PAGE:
Giving customers, partners and staff the option to self-serve through digital channels can reduce or even eliminate the need for face-to-face interaction. Luckily, banks developed online banking years ago, allowing customers to bank remotely in the current crisis. Digitization and automation solutions greatly expand the opportunity for organizations to offer self-serve options.
        Question: What activities could customers and staff access through digital channels?

      8. Automate standard tasks

        If the current COVID-19 crisis continues to disrupt business for 12 to 24 months (hopefully not), work to automate activities will help to limit future business disruptions. Automating standard and repeatable tasks will free up the capacity to focus on more critical activities.
        Question: What processes could be automated by your organization in the next 4 to 6 months?

      9. Develop remote options to coach and mentor employees

        With the current need to work from home, it will become increasingly challenging to provide the basics of stable and continuous leadership. For example, how will coaching and mentorship be provided to staff when leaders are unable to meet face-to-face? How will staff receive guidance, leadership and coaching if their manager is absent for an extended period? Remote solutions will be critical to supporting the ongoing coaching and mentorship of employees.
        Question: How will leaders provide coaching and mentorship remotely?

      10. Design solutions to maintain strong employee engagement and morale

        Working from home will make it difficult for staff to stay connected and maintain strong social bonds. As a result, employee engagement and morale could suffer. Develop solutions to help team members connect and have fun. Many networking platforms, such as Teams and Slack, provide ways for people to connect and share ideas and concerns. Virtual huddles and weekly team socials can also help with spirit and teamwork and camaraderie.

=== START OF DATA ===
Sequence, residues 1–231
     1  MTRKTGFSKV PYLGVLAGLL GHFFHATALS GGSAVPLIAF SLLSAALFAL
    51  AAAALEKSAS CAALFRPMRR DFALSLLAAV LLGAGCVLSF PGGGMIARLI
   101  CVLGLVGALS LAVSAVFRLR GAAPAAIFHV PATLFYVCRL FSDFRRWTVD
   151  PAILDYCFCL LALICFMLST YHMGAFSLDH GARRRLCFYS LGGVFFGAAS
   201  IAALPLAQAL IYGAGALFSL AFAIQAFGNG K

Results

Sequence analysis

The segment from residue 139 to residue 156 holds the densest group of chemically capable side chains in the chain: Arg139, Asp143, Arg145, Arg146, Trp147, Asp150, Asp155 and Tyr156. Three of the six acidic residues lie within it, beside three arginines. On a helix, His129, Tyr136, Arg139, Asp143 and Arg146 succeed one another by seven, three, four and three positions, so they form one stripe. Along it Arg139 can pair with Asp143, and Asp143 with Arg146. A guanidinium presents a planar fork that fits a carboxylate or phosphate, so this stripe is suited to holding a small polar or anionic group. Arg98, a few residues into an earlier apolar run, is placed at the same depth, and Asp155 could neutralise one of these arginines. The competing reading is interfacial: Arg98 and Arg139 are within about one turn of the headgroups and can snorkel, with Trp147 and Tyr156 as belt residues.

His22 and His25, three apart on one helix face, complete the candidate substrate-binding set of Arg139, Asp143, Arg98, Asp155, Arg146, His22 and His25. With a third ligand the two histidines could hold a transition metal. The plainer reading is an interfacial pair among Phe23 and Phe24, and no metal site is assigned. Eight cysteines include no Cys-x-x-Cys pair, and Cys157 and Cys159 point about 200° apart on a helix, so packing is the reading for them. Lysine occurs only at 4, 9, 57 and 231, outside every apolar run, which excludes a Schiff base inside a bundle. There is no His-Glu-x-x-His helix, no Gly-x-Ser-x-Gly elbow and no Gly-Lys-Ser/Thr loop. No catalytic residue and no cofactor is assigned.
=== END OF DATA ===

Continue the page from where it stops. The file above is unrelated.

Question: What tools and activities will you leverage to help sustain employee engagement in the event of business disruption?

      11. Establish clear channels for internal and external communication

        Organizations must communicate clearly and decisively with their employees and customers. Communicate with staff what the organization is doing and how their roles will be impacted. Maintain up-to-date contact information so you can quickly and easily reach staff, then track who hasn’t received the messages so you can reach out through another channel. Effective channels for communication with staff include email, video conference and phone.
        Communicate frequently with customers about how service or offering capabilities will be impacted. Effective channels for communication with customers include email, IVR and social media. By communicating with clarity and transparency, organizations can alleviate employee and customer anxieties.
        Question: Which channels could you use to communicate with staff? Which could you use to communicate with customers?

      12. Establish back up practices for all essential tasks

        Establish back up procedures for all essential tasks, then define, document and train staff on them. Ensure customer transactions can still be processed, even if systems failures delay the transactions. Develop a systems failover for networks and servers. Test back procedures frequently and measure testing outcomes.
        Question: How would your staff perform essential tasks if they could not access the office if there was a power outage or system shutdown?

      13. Maintain reserve funds in case of an emergency

        There are many variables that can occur during a business disruption that require additional funds. An increase in customer demand might require an increase in staff hours, while a decrease in demand might result in a decline in revenue. A natural disaster might require a company to move to a different location. Reserve funds will enable a company to pay for unplanned for expenses in an emergency.
        Question: Do you have enough funds reserved for a business disruption?

        By: Eli Federman, Omnichannel and Contact Center Practice Leader at Burnie Group